A politico-economic model of public expenditure and income taxation

Forthcoming

Authors: Joan-Maria Esteban and Laura Mayoral

SERIEs

This paper contributes to the literature on majority voting over fiscal policies. We depart from the standard model in two dimensions. First, besides redistributing income, the government uses the net tax revenue to finance the provision of goods and services that become in-kind transfers to the citizens. By deciding on the composition of this expenditure (education, health, law-and-order, etc.), the government chooses the allocation of the benefits to the different income segments. This choice is a fundamental ingredient of fiscal policy. Second, we tackle the problem of choosing the income tax function and the composition of public expenditure by assuming that the political process selects one of these issues as the salient one. Political controversy and vote focus on this issue exclusively. The other dimension is determined in a way so as to minimize objections (obtain consensus) among the voters. We analyze the case where the salient policy is the composition of public expenditure. We show that for each voted expenditure policy, there is a unique income tax function that attains consensus. The political process we model yields that the progressiveness of the income tax schedule depends on income inequality interacted with the elasticity of substitution of the goods provided in the market and those publicly provided. This relationship is confirmed in our empirical test. © 2019, The Author(s).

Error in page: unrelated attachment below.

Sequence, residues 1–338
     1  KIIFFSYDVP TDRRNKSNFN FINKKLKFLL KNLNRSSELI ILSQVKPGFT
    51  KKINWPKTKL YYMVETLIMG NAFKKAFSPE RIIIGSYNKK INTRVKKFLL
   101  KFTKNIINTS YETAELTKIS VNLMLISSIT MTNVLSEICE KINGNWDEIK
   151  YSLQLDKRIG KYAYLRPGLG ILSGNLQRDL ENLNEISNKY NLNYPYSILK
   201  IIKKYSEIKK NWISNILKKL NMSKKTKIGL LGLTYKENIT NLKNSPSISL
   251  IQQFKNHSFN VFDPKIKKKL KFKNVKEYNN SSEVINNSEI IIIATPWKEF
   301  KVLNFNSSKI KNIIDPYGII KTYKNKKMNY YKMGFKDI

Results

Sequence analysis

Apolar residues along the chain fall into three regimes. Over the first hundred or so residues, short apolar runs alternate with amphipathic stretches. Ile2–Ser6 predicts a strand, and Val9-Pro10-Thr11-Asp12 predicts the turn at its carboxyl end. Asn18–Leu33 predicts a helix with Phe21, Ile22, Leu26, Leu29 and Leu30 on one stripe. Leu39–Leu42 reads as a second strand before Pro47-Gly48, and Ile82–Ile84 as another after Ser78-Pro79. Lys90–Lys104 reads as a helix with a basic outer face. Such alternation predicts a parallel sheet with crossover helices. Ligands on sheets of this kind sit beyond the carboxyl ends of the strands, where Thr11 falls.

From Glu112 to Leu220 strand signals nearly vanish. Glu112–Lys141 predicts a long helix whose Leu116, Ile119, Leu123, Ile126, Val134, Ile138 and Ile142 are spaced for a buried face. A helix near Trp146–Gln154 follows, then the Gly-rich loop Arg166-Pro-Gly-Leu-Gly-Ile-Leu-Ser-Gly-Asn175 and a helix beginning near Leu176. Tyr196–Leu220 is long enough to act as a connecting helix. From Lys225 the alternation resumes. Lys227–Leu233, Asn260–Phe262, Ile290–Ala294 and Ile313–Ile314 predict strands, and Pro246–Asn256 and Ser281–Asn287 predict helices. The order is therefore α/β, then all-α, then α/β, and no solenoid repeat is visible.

This paper originally appeared as Barcelona GSE Working Paper 743